Thirteen people took their turn last night telling Township council they were opposed to a new poultry slaughterhouse in South Langley.
During the Township’s last council meeting before April, council heard some public’s reaction to a rezoning application from Garrett Broatch that would allow for a portion (just shy of three acres) of a 40-acre farm at 995 224th St. to be used for an abattoir.
Multiple Langley residents spoke against the processing facility during Monday’s public hearing, listing concerns about traffic, noise, increased vermin, and odours.
But the biggest opposition came from neighbours worried about the impact such a facility would have on neighbouring property values, the aquifer, and the environment.
Most suggested a slaughterhouse belongs in an industrial area, but a staff report received with the application says that an abattoir is prohibited in general industrial areas. Meat processing plants are, however, permitted in heavy industrial zones, planning technician Daniel Graham explained in his report to council.
K. Ballantine spoke of her request two years earlier to rezone her farm for the same purpose, and she noted that request was rejected.
A few other people against it spoke up at the meeting and dozens more wrote to council.
Some cited animal cruelty as a reason to turn down the application, while others were opposed to general consumption of animal products, but most focused their worries on the environment, and specifically the water aquifer.
“I believe that a kill plant would only bring shame to us, more smell, rats, protests and would be detrimental to homeowners in the area,” another opponent argued in a letter, claiming it would bring negative publicity, decrease property values, and hurt tourism.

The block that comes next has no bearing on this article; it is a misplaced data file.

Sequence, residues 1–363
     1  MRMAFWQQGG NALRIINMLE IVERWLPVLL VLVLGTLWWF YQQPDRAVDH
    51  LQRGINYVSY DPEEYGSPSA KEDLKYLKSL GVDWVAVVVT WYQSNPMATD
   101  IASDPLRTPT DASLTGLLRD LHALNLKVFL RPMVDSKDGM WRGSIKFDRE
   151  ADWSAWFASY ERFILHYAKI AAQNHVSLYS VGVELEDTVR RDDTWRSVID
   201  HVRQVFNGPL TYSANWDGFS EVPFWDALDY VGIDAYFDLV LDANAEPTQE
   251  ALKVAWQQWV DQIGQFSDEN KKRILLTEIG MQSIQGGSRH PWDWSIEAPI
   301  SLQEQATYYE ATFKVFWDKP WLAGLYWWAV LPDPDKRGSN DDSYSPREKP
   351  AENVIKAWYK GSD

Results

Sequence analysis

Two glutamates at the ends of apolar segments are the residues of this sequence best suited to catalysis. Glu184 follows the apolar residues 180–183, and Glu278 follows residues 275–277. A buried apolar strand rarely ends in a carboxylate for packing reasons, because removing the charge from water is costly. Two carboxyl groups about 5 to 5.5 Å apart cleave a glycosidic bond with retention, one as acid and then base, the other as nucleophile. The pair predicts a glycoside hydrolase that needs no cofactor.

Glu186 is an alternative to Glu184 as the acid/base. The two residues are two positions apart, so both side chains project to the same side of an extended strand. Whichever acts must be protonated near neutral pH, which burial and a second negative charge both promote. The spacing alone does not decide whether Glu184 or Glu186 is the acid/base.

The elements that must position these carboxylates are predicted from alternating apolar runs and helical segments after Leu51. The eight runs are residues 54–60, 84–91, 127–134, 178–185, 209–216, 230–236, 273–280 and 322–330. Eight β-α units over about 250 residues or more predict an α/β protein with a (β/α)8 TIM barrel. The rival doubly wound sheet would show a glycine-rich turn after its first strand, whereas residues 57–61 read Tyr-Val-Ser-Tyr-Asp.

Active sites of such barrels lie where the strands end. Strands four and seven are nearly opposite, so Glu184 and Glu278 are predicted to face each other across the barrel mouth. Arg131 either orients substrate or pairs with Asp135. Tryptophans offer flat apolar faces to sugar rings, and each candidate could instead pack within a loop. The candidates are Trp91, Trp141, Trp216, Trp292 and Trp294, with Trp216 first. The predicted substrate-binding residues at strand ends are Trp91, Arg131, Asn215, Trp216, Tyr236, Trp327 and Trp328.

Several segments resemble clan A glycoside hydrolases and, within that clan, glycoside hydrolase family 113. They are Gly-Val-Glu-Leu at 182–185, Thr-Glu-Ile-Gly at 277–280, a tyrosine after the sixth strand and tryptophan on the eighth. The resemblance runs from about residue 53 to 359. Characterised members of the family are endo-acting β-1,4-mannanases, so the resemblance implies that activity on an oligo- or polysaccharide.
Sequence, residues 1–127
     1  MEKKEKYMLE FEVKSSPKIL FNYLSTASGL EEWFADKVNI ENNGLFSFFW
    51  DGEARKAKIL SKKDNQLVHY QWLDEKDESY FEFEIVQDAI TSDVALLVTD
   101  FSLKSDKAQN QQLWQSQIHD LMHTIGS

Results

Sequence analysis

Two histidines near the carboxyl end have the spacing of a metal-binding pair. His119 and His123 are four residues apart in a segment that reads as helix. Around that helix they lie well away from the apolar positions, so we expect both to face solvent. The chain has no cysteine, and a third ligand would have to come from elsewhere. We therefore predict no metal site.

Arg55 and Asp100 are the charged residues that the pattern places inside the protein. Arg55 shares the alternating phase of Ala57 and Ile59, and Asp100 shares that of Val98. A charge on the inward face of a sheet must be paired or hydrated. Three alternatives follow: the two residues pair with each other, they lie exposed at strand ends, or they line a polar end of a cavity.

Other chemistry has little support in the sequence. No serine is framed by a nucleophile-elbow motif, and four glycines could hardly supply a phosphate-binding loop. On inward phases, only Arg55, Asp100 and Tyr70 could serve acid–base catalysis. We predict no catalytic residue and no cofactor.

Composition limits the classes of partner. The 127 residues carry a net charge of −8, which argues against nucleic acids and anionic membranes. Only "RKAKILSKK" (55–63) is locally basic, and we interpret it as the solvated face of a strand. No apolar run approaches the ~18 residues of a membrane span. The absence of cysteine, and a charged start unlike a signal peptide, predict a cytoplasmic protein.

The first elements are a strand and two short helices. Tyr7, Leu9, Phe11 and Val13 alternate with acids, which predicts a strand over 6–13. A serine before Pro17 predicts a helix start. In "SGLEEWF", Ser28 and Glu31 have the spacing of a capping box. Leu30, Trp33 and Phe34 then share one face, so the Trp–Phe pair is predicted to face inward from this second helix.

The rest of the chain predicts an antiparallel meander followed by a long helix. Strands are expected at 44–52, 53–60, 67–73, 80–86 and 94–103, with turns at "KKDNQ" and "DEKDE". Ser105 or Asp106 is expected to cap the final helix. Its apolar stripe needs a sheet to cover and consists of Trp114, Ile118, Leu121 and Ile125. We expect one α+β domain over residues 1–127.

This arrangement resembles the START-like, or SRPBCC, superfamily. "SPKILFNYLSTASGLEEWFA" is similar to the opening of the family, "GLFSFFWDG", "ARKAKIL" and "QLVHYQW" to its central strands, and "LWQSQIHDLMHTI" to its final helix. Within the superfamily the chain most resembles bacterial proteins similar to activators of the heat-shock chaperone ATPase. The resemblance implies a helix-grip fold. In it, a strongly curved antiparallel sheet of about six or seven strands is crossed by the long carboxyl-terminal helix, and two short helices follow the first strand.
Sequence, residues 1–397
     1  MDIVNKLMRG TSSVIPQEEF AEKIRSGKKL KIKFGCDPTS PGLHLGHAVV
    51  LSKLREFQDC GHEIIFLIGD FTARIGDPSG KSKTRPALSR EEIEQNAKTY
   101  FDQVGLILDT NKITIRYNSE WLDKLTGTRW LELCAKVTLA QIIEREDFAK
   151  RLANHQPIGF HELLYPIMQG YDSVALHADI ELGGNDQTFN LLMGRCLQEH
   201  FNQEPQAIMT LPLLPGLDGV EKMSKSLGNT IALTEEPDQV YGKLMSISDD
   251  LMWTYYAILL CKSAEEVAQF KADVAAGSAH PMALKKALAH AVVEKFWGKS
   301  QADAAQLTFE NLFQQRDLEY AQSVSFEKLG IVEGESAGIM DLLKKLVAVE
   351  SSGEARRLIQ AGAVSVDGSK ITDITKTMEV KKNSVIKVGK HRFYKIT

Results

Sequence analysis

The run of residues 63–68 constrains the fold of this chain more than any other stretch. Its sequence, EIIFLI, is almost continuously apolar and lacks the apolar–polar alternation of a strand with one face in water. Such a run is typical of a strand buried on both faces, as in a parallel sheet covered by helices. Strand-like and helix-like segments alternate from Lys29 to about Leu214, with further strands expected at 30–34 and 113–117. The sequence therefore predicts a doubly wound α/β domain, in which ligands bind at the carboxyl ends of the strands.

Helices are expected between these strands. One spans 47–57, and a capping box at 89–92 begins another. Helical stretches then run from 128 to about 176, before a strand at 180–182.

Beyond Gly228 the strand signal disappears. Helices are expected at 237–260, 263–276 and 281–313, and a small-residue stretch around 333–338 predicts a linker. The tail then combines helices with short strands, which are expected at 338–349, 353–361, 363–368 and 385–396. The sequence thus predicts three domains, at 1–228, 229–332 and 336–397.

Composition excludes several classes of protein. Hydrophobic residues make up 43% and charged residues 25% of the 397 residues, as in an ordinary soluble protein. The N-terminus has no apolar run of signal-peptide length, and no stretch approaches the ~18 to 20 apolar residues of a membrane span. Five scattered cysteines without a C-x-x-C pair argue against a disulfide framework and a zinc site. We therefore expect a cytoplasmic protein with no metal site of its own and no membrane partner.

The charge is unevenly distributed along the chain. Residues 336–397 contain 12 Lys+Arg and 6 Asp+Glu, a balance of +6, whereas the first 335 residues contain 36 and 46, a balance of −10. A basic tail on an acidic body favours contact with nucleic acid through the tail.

Eugene Kwan, of Chaberton Estate Winery, wasn’t present. But he raised concerns in writing about “noxious” odours coming into the winery, vineyard, and restaurant.
B. Wray was one of the lone Langley residents not opposing the project, saying he’d not experienced bad odours from other abattoirs.
The farm currently has a single-family home and mobile home on the site, as well as an accessory building they’ve applied to turn into a second residence. There are a number of new poultry barns currently under construction.
The Township of Langley has received inquiries expressing interest in full-cycle processing of livestock on agricultural land, rather than having farmers send their product to an off-site facility and then returned to the farm for packing, Graham noted in his report.
“Staff understand the motivation to establish relatively smaller scale abattoir facilities on a farm unit is due to inability of small independent farms to meet the minimum threshold required by larger facilities which offer the service, resulting in economic challenges for smaller poultry producers,” he added.
There are two properties in the Township currently zoned for processing, one being Britco on Fraser Highway, and the other being a nearby farm in the 1700-block of 224th Street – but neighbours told council the latter hasn’t been operational for about 40 years.
The rezoning request is expected to go to third reading during council’s next regular meeting on April 9.
At the provincial level
This vote comes on the heels of an announcement today by the provincial government that it wants enhance local slaughter capacity throughout the province to ensure more British Columbians are enjoying B.C. beef, pork, lamb, and poultry.
The province is undertaking a consultation process with small abattoirs on how to improve licensing, especially in more rural areas of B.C.